I/O bridge 550 may include various elements configured to implement: universal serial bus (USB) communications, security, audio, and/or low-power always-on functionality, for example. I/O bridge 550 may also include interfaces such as pulse-width modulation (PWM), general-purpose input/output (GPIO), serial peripheral interface (SPI), and/or inter-integrated circuit (I2C), for example. Various types of peripherals and devices may be coupled to computing system 500 via I/O bridge 550. In some embodiments, central processing unit 520 may be coupled to computing system 500 via I/O bridge 550.

FIG. 6 is a block diagram illustrating a process of fabricating a voltage collection bootstrap circuit. FIG. 6 includes a non-transitory computer-readable medium 610 and a semiconductor fabrication system 620. Non-transitory computer-readable medium 610 includes design information 615. FIG. 6 also illustrates a resulting fabricated integrated circuit 630. Integrated circuit 630 includes bootstrap circuit 104 of FIG. 1. In the illustrated embodiment, semiconductor fabrication system 620 is configured to process design information 615 stored on non-transitory computer-readable medium 610 and fabricate integrated circuit 630.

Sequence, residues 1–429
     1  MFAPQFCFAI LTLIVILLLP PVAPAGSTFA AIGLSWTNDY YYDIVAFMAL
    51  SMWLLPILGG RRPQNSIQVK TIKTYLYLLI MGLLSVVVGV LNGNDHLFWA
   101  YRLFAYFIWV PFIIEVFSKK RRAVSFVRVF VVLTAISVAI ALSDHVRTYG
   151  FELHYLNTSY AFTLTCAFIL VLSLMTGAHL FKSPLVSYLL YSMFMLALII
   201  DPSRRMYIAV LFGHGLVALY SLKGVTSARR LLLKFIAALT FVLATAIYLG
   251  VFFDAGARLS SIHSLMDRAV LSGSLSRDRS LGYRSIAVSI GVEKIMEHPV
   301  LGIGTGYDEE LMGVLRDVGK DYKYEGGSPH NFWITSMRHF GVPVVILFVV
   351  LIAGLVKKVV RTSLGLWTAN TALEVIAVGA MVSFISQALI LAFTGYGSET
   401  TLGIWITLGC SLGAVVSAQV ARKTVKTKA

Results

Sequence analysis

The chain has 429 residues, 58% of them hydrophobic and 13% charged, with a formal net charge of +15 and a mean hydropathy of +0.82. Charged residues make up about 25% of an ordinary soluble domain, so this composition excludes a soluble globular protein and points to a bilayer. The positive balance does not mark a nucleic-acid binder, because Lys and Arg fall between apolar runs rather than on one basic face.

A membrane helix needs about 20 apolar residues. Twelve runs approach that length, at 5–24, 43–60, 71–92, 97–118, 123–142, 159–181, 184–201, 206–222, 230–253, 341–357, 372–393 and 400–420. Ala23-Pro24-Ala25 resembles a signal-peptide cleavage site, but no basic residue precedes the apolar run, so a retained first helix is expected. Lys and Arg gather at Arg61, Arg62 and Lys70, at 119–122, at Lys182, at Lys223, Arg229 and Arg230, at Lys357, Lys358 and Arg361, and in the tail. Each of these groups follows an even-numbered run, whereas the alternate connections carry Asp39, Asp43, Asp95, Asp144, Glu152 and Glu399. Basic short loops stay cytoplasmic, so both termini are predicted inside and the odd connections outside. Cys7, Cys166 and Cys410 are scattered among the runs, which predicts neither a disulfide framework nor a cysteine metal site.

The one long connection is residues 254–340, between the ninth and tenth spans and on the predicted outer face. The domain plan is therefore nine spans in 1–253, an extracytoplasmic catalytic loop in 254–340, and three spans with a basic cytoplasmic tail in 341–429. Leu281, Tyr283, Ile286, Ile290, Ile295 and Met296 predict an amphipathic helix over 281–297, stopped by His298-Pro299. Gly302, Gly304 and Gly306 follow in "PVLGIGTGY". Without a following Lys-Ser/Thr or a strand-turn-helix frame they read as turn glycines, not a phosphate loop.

Non-transitory computer-readable medium 610 may include any of various appropriate types of memory devices or storage devices. For example, non-transitory computer-readable medium 610 may include at least one of an installation medium (e.g., a CD-ROM, floppy disks, or tape device), a computer system memory or random access memory (e.g., DRAM, DDR RAM, SRAM, EDO RAM, Rambus RAM, etc.), a non-volatile memory such as a Flash, magnetic media (e.g., a hard drive, or optical storage), registers, or other types of non-transitory memory. Non-transitory computer-readable medium 610 may include two or more memory mediums, which may reside in different locations (e.g., in different computer systems that are connected over a network).